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Wealth Management: Strategy blog – Europe’s Hamiltonian moment?

20/05/2020

Strategy team - Kevin Gardiner (Wealth Management)

On 20 June 1790, at “perhaps the most celebrated meal in American history” (Ron Chernow), a small dinner group including Hamilton, Jefferson and Madison agreed a compromise. In exchange for Hamilton dropping his advocacy of New York as the national capital, the new nation would assume the debts of the constituent states - thereby strengthening the federation immeasurably. 

Has Europe just had its 'Hamiltonian moment'? Pundits have proclaimed them before, and prematurely, but yesterday's agreement may be different. It is one of the few news items of late that arguably got less coverage than it should have. 

Macron and Merkel have agreed in principle that the European Union should be allowed to borrow €500bn, to be disbursed in the form of assistance to member states as needed, and to be repaid through the EU's collective budget. 

This is new borrowing, not the assumption of old; it is the EU, not the eurozone; the agreement may yet be vetoed by dissenting partners (Austria, Denmark, the Netherlands, Sweden?); and there will be many devils lurking in the yet-to-be-worked-out details - not least the attitude of  the German Constitutional Court, though this is not monetary financing. 

But the scale, and the grant-like nature of the potential support, could yet mark a further long-awaited step towards more collective, federalistic financing in the EU.

€500bn doesn't sound like much these days, but it is 3% of EU GDP, and is big compared to the famously tiny annual EU budget (currently around 1% of GDP), which will have to be expanded in order to service the borrowing.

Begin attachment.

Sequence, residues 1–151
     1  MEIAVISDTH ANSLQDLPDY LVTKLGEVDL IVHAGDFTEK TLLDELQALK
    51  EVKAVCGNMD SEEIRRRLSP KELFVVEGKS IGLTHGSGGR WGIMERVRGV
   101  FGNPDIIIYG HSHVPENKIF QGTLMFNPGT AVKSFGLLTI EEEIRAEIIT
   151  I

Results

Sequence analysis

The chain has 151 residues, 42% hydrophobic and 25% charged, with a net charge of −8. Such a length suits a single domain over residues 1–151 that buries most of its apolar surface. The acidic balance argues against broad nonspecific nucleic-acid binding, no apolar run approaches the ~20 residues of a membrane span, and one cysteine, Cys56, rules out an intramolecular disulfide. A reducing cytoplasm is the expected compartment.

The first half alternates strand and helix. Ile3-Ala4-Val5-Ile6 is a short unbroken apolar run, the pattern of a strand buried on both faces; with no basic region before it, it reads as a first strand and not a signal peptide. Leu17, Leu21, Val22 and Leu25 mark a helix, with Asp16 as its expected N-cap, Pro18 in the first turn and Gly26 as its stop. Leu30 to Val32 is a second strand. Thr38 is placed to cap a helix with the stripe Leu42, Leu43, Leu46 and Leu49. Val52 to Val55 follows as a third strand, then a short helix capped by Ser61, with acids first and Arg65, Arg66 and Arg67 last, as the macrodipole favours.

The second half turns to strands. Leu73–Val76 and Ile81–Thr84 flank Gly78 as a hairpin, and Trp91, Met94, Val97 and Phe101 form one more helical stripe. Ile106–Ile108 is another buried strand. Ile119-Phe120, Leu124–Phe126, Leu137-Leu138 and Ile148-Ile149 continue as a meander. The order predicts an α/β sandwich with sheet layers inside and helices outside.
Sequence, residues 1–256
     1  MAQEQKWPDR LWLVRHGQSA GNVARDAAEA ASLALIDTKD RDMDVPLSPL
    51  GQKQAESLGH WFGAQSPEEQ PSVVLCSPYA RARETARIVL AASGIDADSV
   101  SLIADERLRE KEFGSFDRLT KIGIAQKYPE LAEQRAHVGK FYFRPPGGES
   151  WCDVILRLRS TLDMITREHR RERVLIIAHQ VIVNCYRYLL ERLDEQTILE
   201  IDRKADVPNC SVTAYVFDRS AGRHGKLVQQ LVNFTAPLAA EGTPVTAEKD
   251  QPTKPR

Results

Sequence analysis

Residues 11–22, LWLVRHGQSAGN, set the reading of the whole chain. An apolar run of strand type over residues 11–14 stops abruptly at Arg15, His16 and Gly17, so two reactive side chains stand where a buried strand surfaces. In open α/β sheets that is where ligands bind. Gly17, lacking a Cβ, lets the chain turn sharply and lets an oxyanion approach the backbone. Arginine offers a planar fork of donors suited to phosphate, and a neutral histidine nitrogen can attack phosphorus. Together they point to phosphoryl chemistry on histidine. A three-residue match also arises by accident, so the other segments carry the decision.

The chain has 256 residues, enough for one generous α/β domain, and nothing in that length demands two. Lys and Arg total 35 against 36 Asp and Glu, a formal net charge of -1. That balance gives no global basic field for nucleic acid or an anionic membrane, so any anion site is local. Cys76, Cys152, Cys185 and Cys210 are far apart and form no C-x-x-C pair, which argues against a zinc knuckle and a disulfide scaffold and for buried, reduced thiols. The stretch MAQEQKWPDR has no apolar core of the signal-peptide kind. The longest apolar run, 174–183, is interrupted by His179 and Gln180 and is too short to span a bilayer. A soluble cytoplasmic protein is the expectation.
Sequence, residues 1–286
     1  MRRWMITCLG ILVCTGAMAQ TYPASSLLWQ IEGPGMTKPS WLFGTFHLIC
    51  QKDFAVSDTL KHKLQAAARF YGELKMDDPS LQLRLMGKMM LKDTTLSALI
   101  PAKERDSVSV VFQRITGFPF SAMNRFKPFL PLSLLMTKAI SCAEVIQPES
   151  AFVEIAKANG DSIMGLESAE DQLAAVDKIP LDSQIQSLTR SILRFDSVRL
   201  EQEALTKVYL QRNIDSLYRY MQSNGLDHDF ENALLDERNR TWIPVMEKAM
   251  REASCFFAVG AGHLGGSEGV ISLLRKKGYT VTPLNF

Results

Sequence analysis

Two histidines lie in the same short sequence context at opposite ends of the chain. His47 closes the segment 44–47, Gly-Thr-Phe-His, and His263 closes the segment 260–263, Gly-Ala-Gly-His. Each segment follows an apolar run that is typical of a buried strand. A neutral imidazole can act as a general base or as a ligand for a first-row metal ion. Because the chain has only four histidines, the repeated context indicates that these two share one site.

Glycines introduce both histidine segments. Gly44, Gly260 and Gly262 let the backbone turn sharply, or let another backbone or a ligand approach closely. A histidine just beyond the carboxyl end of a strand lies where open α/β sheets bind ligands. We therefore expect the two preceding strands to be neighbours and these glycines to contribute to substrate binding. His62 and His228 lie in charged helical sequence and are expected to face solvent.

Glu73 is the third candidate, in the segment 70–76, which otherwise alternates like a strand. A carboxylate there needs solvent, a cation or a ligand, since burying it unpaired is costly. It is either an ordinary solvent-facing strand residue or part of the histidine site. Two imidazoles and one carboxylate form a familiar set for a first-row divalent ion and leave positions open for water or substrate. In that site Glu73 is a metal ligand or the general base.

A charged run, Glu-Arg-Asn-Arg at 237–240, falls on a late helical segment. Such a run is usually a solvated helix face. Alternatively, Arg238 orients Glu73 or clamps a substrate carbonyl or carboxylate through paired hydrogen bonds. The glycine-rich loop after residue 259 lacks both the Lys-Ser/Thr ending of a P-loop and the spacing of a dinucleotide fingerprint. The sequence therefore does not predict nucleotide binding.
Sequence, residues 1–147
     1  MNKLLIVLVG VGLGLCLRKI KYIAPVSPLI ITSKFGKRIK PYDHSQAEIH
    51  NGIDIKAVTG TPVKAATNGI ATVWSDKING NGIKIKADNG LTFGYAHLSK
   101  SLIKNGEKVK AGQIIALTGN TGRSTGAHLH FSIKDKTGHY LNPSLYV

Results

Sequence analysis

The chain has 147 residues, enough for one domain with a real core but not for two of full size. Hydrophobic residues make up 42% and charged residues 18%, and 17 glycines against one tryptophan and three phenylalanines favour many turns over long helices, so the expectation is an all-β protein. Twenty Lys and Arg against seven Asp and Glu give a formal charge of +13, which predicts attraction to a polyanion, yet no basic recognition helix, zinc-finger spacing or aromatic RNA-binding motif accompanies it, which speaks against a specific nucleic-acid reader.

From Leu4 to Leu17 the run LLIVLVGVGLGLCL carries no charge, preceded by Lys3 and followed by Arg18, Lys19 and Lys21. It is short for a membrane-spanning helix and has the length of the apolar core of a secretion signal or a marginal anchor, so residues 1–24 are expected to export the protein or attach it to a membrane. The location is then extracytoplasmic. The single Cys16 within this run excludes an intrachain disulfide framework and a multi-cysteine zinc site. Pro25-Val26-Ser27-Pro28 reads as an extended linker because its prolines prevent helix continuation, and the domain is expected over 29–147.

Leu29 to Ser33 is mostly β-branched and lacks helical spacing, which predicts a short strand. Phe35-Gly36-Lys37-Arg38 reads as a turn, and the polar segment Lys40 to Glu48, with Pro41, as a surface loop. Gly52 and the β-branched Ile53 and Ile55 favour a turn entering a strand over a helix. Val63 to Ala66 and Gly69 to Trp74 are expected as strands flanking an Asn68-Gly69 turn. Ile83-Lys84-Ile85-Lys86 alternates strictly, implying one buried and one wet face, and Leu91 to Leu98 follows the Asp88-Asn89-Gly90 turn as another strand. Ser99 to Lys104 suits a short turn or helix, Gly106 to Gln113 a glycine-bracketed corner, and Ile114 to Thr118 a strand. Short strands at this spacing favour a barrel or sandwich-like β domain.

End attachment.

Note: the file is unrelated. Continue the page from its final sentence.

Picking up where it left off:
And for Germany, or at least its president, to countenance redistributive spending without holding recipients to account for it - other than via their share of contributions to the EU budget - is a big deal.

So far, markets have only grudgingly extrapolated from the EU to the EZ. The euro rallied by around 1% against the dollar and franc, and the spread on 10-year Italian bonds fell by around 20bps. 

We are unlikely just yet to cancel our relative lack of appetite for eurozone stocks and the currency itself in investment portfolios: those EU hawks may prevail. We are also aware that in the nascent US, southern resentment at shouldering the debts of the northern states (the perceived burden was geographically reversed there) may have fostered the growing strains that led ultimately to secession and the Civil War before the federalist enterprise was finally secured.

That said, our wariness of the euro, and eurozone stocks, has been marginal, not existential, and a United States of Europe has always been, and still is, very (very) unlikely. Simply moving in the federalist direction might be enough to make those regional calls a bit closer. Things in the eurozone just got a little more interesting. 

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